These Custom Axis shocks are part of the original 1998 Roll Design build. They were still in excellent shape and only required standard servicing.


Our test ride took place on a private motocross track, which is best described as having more natural terrain with a combination of tight turns and fast flow. “The power is very linear and easy to ride without being super snappy,” said pro racer and frequent Dirt Wheels test rider Josh Row. “It has the new Vortex twist throttle from Motion Pro, and I was really happy with the throttle response and clutch engagement. It’s really strong off the bottom, especially with the smaller tires. These bikes are so light compared to the TRX450R that I’m used to. It’s really easy to flick around.”

The PC 2000 2-stroke revs hard when needed but is much easier to push through the corners than a bigger bore engine. The lighter feel also makes it easier to ride.

Now in his early 30s, Row isn’t old enough to remember a time when 2-stroke sport quads dominated the tracks, but he still appreciates them as much as the racers that were there. “I hadn’t ridden a two-stroke on a motocross track in a long time, but it was a lot of fun. The GBC Mini Master tires worked and handled the terrain well. Jump landings were super controllable, and the brakes worked great.”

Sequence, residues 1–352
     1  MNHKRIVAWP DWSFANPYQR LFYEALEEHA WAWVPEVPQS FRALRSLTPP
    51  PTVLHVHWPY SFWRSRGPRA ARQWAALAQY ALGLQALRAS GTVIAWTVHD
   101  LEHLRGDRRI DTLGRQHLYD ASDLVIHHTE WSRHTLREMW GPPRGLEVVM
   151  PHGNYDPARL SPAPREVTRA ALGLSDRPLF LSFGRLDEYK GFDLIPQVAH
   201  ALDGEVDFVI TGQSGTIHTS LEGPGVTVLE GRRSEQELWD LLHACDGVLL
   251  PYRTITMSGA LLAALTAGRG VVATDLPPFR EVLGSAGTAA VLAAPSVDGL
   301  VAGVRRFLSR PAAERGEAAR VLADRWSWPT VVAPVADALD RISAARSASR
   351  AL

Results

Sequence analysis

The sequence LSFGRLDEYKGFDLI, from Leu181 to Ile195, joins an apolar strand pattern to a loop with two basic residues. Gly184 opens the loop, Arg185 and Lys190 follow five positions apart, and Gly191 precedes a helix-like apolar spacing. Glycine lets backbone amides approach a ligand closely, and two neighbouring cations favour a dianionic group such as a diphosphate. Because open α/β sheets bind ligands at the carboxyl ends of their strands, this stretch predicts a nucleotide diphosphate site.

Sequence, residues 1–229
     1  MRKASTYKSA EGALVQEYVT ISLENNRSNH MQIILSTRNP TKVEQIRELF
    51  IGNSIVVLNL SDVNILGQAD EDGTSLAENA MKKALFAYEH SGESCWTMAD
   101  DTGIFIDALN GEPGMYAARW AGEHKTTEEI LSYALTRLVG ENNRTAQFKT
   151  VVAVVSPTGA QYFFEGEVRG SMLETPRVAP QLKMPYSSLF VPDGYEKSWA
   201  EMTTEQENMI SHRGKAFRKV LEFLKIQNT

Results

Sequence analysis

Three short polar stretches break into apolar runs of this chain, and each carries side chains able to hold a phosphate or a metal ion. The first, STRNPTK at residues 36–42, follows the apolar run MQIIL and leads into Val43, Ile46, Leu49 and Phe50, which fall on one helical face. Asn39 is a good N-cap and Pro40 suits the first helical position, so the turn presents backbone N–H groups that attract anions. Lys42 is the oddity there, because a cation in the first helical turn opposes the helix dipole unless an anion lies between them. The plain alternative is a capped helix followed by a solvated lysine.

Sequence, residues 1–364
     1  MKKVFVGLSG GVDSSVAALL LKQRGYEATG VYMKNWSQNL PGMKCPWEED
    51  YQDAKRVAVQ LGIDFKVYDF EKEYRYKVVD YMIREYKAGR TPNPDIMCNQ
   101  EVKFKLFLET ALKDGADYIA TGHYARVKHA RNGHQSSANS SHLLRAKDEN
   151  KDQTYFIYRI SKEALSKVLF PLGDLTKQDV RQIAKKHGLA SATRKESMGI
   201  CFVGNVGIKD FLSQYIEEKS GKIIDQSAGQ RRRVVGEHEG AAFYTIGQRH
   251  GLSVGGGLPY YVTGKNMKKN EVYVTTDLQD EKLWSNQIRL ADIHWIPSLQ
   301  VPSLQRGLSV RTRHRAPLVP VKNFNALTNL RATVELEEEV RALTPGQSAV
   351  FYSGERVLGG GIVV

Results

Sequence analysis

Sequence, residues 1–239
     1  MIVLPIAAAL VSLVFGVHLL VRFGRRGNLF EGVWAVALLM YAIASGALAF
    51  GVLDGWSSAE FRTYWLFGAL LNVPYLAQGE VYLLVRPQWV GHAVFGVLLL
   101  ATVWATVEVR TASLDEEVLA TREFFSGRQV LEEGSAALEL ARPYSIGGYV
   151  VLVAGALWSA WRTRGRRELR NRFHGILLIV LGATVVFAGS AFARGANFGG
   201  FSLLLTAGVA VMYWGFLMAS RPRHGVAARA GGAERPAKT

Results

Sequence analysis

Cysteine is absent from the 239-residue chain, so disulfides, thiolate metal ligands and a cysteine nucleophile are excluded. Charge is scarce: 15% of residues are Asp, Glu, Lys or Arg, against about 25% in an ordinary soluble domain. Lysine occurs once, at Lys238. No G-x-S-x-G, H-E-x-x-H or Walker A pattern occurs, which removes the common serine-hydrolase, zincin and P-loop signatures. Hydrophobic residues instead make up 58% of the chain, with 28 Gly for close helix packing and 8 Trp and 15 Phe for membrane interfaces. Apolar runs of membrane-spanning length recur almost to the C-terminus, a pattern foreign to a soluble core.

The Roll Design/Custom Axis suspension combo also works great on or off the track. “The suspension handled really well, and all around, the bike felt super light and nimble. There were some good-sized doubles I was hitting, and it didn’t blow through the stroke at all,” said Row. “We also rode this same quad out at the Dumont sand dunes, and it was always predictable and, again, felt very light.”

In 1998, there wasn’t a steering damper available that would work with the Lobo chassis. Today, GPR makes a damper that will work, so it was added to the build.